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Nvidia's game streaming service, GeForce Now out of beta, to rival Google Stadia

The Nvidia game streaming platform uses its GeForce graphics cards to power gaming on personal computers, android phones and Shield TVs.

Sushant Talwar   New Delhi     Last Updated: February 5, 2020  | 12:13 IST
Nvidia

Highlights

  • GeForce Now has been launched as a competitor to Google Stadia
  • Nvidia's game streaming service will be more affordable than Google Stadia
  • The service for now will be available in North America and Europe

The game streaming space appears to finally be heating up, with Nvidia now jumping in the ring with its GeForce Now game streaming service. The chipmaker has opened for membership its cloud-based game streaming service which will take on Google's Stadia in North America and Europe.

Much like other game streaming services, the platform uses its GeForce graphics cards to power gaming on personal computers, android phones and Shield TVs.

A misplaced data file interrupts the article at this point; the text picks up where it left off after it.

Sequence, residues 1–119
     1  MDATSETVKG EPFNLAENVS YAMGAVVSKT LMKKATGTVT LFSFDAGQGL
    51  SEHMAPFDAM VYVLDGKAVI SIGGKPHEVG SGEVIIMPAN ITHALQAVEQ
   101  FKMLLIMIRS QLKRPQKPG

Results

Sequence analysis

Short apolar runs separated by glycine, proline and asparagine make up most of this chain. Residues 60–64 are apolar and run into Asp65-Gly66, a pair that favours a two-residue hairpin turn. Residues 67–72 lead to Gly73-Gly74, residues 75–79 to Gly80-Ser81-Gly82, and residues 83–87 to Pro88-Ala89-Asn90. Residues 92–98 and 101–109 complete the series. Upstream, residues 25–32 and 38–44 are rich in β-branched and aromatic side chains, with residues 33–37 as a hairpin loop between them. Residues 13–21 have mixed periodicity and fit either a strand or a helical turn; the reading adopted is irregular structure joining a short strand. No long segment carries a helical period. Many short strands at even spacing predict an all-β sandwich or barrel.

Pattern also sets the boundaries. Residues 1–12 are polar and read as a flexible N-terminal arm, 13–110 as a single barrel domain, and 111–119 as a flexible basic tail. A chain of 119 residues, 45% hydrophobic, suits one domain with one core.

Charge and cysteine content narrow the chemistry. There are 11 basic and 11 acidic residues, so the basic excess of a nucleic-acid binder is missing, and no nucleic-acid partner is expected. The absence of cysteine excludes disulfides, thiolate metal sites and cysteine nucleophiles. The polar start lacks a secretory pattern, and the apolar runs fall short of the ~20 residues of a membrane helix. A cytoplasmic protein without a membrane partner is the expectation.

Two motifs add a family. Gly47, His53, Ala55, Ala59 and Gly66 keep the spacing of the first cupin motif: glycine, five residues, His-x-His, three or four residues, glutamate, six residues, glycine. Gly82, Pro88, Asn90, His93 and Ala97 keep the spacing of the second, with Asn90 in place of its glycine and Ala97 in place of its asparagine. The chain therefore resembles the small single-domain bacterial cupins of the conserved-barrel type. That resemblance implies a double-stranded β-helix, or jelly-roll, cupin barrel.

Interestingly, the service had been available in beta for a few years now, however, it has now gone live for users by offering them a Founders version at $4.99 (roughly Rs. 350) per month alongside a free tier. This is significantly cheaper than Google Stadia which also brings 4K streaming with itself, but at $9.99 per month. GeForce Now will also compete with Microsoft's Project xCloud that is likely to be launched later in the year.

Another area where GeForce Now appears to be different than Stadia is when it comes to gaming titles. The platform doesn't bring any games with its subscription service, but allows users to basically play their library of games anywhere if they have subscribed to GeForce Now.

For now, the service remains available to limited areas and requires users to possess a fast internet connection, and to not be too away from Nvidia's servers to be able to ensure low latency for gaming.

The company currently has nine data centers in North America, and six in Europe which it claims can reach 80 percent of broadband homes within 20 milliseconds. This speed, it claims, should be good enough for achieving 10ms round-trip latency with its partners in Tokyo, (SoftBank), Seoul (LG U+), and Moscow (GFN.ru), some of which are still in testing.

The company recommends a 15 Mbps connection or better, 30 Mbps for 1080p60 streaming, and 50 Mbps for the best experience. The service, however, has no 4K option as of now, and should require faster internet connections for when 4K is finally made available to gamers.

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Tags: NVIDIA
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